A DIY movement to transform neglected urban walls in Santa Monica and Venice into community assets through public art has now gone global as the Beautify Earth campaign

By Michael Aushenker


When Beautify Earth co-founders Evan Meyer and Ruben Rojas discuss posting on walls, they’re not talking about Facebook.

A nonprofit campaign to blanket cities around the world with murals as a way to increase neighborhood pride, Beautify Earth began about two years ago after artist Meyer noticed a “gross,” graffiti-marred wall near the corner of Lincoln Boulevard and Pacific Street in Santa Monica.


“I spoke to a business owner that I knew [and said] I can very legitimately paint that wall so that people driving down on Lincoln Boulevard — 30,000 people a day — can have a great visual experience instead of this blighted wall,” Meyer recalled.

He got the go-ahead, and the Novel Café got a mural.

“I realized I don’t want to look around and complain about how ugly things are. Instead of complaining, we should be asking ourselves, ‘What can I do?’” Meyer said.

What else could Meyer do? Enlist artist after artist to transform more and more walls, an effort that solidified as the Beautify Lincoln movement.

And it wasn’t long before other walls became canvasses for public art.

The list of Beautify Lincoln projects has grown to include murals at Printing Palace, Wallpaper City & Flooring, Legal Grind (the Abraham Lincoln mural), Satdah Thai, Hair and Nail Palace, Barrett’s Appliances, Metropolitan Cleaners and Cardio Barre. Artists finished work last week on murals at both Marina Auto Sales & Upholstry and, a block east of Lincoln, Broadway Wine & Spirits.

But this is only the beginning.

After enlisting an army of volunteer artists, Beautify Lincoln led to Beautify Crenshaw and Beautify South Central, which begot Beautify Brooklyn, Beautify Rockaway Beach, Beautify Miami, Beautify Silver Lake and now — after Rojas, a financial advisor, crossed paths with Meyer during a leadership workshop — the umbrella nonprofit  Beautify Earth.

“I drew the logo for the group and [Meyer] said, ‘Dude, we’ve gotta put that on the wall,’” Rojas recalled of their first meeting.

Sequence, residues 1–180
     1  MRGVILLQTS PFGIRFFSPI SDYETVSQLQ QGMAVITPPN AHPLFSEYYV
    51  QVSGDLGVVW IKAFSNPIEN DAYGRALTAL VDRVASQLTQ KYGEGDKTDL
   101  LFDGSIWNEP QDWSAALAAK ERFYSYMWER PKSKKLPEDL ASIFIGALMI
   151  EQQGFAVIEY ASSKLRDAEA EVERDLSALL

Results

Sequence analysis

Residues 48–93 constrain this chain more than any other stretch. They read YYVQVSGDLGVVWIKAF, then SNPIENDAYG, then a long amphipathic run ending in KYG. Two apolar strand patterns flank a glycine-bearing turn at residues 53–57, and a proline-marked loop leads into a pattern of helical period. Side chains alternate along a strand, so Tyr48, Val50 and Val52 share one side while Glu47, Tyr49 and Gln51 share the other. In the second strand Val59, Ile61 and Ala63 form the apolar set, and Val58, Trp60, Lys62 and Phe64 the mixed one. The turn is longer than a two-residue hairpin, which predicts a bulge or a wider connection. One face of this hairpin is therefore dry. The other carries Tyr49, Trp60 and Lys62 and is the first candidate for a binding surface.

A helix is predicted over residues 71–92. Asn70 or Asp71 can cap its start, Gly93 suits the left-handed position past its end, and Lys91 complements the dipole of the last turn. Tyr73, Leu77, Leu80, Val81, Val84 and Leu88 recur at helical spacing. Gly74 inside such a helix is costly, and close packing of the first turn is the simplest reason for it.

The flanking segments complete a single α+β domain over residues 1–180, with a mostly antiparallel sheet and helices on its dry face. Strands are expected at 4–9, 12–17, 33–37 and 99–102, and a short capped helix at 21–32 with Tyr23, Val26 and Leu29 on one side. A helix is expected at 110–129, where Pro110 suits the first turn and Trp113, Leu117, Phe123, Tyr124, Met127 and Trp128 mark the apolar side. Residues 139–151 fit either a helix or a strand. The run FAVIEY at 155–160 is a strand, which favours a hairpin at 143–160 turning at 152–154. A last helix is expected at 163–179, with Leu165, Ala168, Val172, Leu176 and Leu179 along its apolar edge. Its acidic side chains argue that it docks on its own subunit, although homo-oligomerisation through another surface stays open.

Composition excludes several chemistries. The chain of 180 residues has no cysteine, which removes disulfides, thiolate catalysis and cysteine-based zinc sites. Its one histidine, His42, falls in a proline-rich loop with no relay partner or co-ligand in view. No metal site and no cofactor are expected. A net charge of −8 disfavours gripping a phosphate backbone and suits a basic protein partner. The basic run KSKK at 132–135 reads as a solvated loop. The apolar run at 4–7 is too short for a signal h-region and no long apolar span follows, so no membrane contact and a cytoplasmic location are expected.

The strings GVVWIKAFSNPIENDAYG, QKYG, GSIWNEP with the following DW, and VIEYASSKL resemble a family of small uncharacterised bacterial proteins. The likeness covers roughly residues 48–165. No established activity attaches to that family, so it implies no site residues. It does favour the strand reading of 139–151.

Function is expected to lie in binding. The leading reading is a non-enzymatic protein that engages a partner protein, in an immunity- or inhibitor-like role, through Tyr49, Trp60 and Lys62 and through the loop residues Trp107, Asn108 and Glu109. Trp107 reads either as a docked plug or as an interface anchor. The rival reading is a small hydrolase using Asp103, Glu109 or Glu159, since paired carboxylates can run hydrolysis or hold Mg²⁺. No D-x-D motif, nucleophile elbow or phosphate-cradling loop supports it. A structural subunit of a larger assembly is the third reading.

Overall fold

Beautify Earth’s board of directors includes Heather Rabun, who brings a performing arts background;  Sergio Tuculiza, who heads student outreach and education; and Paul Katz and Josh Manes, who coordinate Beautify Earth’s activities on the East Coast.

“The results are exciting,” said Rojas. “We’re not doing this to get credit. It is viral, it is a virus.”

The next step: Beautify Earth is competing for a grant to fund the creation of 50 public murals in South Los Angeles (the contest is decided by popular vote: see below for details). They also want to establish more kids programs, and Rojas talks about somehow incorporating a sharing economy model.

Meyer, 32, ultimately hopes to “enlist local artists and local committees to convince their governments and make it obvious that even a child’s painting is better than an ugly wall.”

Or as Rojas, 34, puts it: “Anything is better than the color of neglect.”

Both express frustration at the sight of boring walls: “I think the color beige needs to go away,” Meyer said.

Business owners, meanwhile, have reported upticks in revenue after allowing Beautify Earth to transform their facades, surprising even Meyer, who runs a contract rideshare program by day.

“I didn’t expect how impactful it would be,” he said.

“Outdoor walls are the new gallery space. Murals are part of the Los Angeles culture. We live through our windshields in this city,” Printing Palace muralist Seth Wilder told the Los Angeles Times in a story about Beautify Lincoln last year.

Despite the success of the Beautify Earth campaign, Meyer and Rojas have already lost a couple of battles on the homefront. When TRiP changed ownership, the colorful horizontal stripes painted on its walls went away with remodeling efforts. More recently, a new Starbucks replaced the former Tommy’s Burgers on the southwest corner of Pico and Lincoln boulevards, and with Tommy’s also went its Hans Haveron mural.

Yet this does not rankle the duo.

“It has us talking with Starbucks [about doing a new mural] right now,” Rojas said.

“The hardest part is finding walls and having people say ‘yes.’ Because they think there’s the catch. What’s the catch? There really is no catch. We want to put a piece of art on a wall so people will be happy,” Rojas continued.

Meyer traces his inspiration for the initial Beautify Lincoln movement to others’ DIY artistic endeavors.

“I usually attribute it to the spirit of Burning Man and the [mural-rich] community of Winwood, Miami,” said Meyer, praising late Winwood muralist Tony Goldman and Albanian artist Edi Rama, who in his country “took ugly buildings and turned them into colorful buildings. You started to see the life and the energy of what came out of that.”

This forward motion so far has been “all done without funding. This is us!” Rojas said. “The question becomes: How do we get that same contagiousness happening everywhere?”

Forging ahead, Meyer and Rojas see Beautify Earth going worldwide, with public art murals in Europe, Asia and South America.

“We want to talk to anyone out there doing similar things with murals,” Meyer said.

“If you want to change the world, you can’t wait for someone to do it,” Rojas said. “You’ve got to do it yourself.”

To learn more about Beautify Earth and how to volunteer on a project, visit beautifyearth.org. Check out photos of the group’s work at instagram.com/beautifyearth. To vote for Beautify Earth in the LA2050 Grants Challenge, visit maker.good.is/projects/beautifyla.